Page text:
Alex, what do you like about your job?
I could never decide on an instrument. I liked the piano, the guitar, the violin and the drums, but was never very persistent at practising. Sound engineering just called to me. It allows me to experience many different styles and I feel that I have the most to contribute in this area. I am especially pleased when I can pass something on. I’m already looking forward to sharing what I’ve learned here at the Gasteig.
What’s the biggest difference between the music culture of Uganda and here?
In the traditional cultures and communities of Uganda, there is no distinction between performers and audience. Everyone is involved and has a function, be it through singing or drumming. Everyone must find their role. It is unthinkable that one person stands on stage and the others listen quietly and then applaud!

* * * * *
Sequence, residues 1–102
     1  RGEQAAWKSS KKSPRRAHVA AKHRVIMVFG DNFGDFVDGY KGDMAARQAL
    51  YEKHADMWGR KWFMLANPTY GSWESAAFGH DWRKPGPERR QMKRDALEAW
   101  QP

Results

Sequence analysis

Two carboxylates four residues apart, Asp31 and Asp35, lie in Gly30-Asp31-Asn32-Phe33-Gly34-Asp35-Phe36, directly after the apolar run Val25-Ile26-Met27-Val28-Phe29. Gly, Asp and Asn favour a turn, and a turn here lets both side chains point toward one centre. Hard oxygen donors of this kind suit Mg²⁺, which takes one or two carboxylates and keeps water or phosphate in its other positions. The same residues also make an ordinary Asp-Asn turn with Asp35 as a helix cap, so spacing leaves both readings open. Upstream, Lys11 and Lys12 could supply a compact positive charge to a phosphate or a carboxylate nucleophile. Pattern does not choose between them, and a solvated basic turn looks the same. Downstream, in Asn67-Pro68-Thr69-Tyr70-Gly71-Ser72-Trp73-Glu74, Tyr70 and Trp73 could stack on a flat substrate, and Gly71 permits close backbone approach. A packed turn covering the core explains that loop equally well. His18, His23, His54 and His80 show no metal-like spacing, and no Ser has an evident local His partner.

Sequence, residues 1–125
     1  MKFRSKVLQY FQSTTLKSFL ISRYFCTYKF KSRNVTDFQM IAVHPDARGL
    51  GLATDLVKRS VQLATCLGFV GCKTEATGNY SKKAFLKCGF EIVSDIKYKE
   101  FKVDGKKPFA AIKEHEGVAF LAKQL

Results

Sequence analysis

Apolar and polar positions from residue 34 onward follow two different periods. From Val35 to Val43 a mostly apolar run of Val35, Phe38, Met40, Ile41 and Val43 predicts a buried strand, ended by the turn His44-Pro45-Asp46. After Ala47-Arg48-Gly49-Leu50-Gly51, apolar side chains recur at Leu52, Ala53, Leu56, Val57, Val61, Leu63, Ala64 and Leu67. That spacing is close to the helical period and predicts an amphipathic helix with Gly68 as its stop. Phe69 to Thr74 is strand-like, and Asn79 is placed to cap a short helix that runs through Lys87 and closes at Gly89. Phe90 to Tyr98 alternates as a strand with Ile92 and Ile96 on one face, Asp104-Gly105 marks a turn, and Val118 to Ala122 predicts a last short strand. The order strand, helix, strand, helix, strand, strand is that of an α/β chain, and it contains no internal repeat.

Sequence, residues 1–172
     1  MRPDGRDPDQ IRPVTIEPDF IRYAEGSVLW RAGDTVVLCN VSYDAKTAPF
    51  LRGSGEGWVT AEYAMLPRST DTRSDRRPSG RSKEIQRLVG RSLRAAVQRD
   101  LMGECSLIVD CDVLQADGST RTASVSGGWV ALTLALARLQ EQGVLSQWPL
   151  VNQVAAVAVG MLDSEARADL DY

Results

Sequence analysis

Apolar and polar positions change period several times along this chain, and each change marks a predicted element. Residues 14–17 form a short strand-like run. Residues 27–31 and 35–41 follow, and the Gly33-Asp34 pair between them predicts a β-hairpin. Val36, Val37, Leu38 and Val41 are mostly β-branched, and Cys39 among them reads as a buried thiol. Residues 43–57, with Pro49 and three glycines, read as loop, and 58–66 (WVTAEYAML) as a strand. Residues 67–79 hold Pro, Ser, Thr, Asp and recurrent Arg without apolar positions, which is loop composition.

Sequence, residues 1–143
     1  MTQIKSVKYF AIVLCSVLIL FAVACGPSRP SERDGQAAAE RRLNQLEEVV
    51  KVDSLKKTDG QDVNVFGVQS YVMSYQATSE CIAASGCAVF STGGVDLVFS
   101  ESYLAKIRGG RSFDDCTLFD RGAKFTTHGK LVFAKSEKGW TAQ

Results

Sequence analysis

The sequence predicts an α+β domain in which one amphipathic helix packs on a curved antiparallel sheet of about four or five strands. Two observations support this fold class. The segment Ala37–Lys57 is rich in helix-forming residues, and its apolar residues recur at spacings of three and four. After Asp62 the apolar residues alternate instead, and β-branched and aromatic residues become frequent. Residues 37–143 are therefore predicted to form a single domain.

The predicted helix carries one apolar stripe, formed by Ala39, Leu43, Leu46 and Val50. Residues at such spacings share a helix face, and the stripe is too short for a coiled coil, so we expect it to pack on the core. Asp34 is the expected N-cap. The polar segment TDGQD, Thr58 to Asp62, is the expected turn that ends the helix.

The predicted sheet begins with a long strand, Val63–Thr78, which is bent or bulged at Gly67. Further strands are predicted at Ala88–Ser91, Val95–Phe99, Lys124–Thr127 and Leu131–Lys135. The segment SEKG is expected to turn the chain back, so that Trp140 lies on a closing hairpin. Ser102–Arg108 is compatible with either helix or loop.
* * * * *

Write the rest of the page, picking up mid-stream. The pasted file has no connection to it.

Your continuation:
Is there anything that surprised you on your visit? What was your strangest experience?
Strange? Let me think. Oh yes, that sausage that you’re only allowed to eat before a certain time of day: the Weisswurst. I was sitting at lunch with your colleagues, and when they told me about this I thought: oh no, now I’ve broken a rule. That’s one of the things I found funny – but also kind of cool.
We want your old instruments!The Gasteig collects instruments for Lab Uganda
Text: Benedikt Feiten